Formative feedback loops including both reading and writing tasks are built into the writing process. Formative stages include a draft plan and a sample paragraph, and a reading task in which students use a CRAAP analysis (Currency, Relevance, Authority, Accuracy, Purpose) of source texts to evaluate potential sources for the assignment. Individual and group tutorials are scheduled for discussion of formative feedback.

Listening

A time-limited online test based on a recorded lecture in which students demonstrate their ability to understand and respond critically to academic lectures (ILO 3). The lecture recording is released online for a limited time, together with an editable test paper which students submit by a given deadline.

Speaking

Through delivery of a short (7-8 minute) individual live oral presentation to their class group, and responding to audience questions / participating in a follow-up Question-and-Answer session, students demonstrate their ability to use clear and appropriate English to deliver an effective presentation in their disciplinary field and participate effectively in academic discussion (ILO 4).

Students need to meet their degree programme English Language requirements in all four components and overall in order to progress.
Feedback Informal feedback is given on language - spoken and written - in every class.

Spoken and written feedback from tutor and peers on formative submissions.

Progress is discussed in regular tutorials (small group tutorials and 1:1 tutorials).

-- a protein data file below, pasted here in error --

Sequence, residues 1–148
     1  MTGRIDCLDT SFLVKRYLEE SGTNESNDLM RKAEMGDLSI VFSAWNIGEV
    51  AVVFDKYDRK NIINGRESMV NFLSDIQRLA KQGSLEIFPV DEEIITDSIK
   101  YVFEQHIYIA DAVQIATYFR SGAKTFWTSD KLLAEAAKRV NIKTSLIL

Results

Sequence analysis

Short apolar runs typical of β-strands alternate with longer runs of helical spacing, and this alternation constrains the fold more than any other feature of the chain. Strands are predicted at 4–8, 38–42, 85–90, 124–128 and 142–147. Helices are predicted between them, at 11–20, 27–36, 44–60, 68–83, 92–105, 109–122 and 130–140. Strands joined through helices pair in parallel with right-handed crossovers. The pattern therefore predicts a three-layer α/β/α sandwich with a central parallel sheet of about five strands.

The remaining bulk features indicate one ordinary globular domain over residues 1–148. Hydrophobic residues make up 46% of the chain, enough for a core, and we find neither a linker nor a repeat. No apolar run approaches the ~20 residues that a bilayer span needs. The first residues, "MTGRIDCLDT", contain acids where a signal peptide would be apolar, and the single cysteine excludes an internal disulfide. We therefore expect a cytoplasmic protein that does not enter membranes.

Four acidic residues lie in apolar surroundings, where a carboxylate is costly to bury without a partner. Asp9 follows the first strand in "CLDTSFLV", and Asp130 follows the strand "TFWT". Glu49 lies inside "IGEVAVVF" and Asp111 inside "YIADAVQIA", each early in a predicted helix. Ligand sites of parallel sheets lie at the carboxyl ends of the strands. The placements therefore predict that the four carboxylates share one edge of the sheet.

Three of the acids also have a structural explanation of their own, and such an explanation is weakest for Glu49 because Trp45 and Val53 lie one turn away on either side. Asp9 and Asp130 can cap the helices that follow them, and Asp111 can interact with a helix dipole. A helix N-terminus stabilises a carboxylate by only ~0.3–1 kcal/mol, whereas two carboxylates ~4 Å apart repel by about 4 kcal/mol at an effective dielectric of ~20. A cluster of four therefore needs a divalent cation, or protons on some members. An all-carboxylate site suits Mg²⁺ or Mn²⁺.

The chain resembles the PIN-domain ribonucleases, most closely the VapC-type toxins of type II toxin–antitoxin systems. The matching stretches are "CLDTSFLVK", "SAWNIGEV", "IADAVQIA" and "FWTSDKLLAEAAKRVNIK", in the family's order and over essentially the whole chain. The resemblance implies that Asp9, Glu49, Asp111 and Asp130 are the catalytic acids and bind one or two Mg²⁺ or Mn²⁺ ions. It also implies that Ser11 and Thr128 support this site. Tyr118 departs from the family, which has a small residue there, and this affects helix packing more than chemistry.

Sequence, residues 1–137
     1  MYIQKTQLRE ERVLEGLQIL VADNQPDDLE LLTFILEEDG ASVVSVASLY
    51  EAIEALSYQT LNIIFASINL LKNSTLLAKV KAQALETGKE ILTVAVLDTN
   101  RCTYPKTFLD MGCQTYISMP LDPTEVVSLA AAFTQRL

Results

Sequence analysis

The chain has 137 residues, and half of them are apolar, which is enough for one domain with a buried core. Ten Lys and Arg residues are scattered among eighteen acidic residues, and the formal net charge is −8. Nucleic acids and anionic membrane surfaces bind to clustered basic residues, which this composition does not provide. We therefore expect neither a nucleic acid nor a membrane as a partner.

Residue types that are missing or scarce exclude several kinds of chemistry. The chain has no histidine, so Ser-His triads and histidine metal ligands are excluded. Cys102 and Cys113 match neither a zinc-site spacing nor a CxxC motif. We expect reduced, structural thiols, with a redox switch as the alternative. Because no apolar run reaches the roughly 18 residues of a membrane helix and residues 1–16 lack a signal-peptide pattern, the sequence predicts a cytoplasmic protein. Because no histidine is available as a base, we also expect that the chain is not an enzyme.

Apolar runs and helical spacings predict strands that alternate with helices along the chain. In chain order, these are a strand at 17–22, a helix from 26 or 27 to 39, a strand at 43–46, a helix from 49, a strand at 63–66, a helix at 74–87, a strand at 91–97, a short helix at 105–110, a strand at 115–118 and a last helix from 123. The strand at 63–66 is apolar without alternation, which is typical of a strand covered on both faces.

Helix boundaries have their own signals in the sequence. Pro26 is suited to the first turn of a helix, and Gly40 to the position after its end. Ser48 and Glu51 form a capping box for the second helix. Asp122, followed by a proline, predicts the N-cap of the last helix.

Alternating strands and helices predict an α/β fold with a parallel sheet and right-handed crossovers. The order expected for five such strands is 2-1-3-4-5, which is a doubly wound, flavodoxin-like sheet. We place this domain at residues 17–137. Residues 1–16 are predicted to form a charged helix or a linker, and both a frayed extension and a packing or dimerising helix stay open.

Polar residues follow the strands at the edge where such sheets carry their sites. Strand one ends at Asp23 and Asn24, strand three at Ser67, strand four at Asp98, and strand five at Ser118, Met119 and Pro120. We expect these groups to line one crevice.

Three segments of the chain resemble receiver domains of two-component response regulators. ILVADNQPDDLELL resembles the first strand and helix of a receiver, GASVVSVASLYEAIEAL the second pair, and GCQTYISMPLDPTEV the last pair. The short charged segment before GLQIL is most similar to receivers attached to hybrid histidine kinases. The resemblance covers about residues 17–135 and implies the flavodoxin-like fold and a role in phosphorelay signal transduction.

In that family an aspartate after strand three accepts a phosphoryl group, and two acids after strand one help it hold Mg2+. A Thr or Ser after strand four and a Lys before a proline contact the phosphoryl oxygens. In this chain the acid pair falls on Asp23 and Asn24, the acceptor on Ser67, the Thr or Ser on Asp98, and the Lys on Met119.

Students also receive general feed-forward comments on their performance on summative assessments of Reading and Writing.

Teaching staff receive training in appropriate formative feedback during induction and are monitored throughout the programme.

Marking of the summative assessments is carried out following standardisation exercises led by Course Organisers, and is moderated by Course Organisers in accordance with University of Edinburgh guidelines.

No Exam Information
Learning Outcomes
On completion of this course, the student will be able to:
  1. Read academic texts in Social Science and Education fields, making critical use of genre knowledge and strategies appropriate to their purpose
  2. Write clearly and appropriately in genres common in Social Science and Education fields, synthesizing and critically evaluating content from sources to create their argument
  3. Understand and respond critically to academic lectures in their discipline
  4. Use clear and appropriate English to respond critically and contribute meaningfully to group discussions and deliver academic presentations in their disciplinary field
  5. Reflect on and make autonomous decisions regarding their learnin
Reading List
All the materials used for delivery of the course are provided electronically, and there is no need for students to buy any books. We will also give you advice on useful online resources. However, you may find the following publications helpful as additional resources for your studies:

Swales, J. & Feak, C. (2012). Academic Writing for Graduate Students (Michigan)

O'Dell, F. & McCarthy, M. (2016). Academic Vocabulary in Use (Cambridge University Press)
Additional Information
Graduate Attributes and Skills Enquiry and lifelong learning; aspiration and personal development; outlook and engagement; research and enquiry; personal and intellectual autonomy; personal effectiveness; communication
Keywordsenglish,language,academic skills,literacy,pre-sessional,writing,listening,speaking,reading
Contacts
Course organiserMr Kenneth Anderson
Tel: (0131 6)50 9424
Email: Kenneth.Anderson@ed.ac.uk
Course secretaryMs Kameliya Skerleva
Tel: (0131 6)51 1855
Email: Kameliya.Skerleva@ed.ac.uk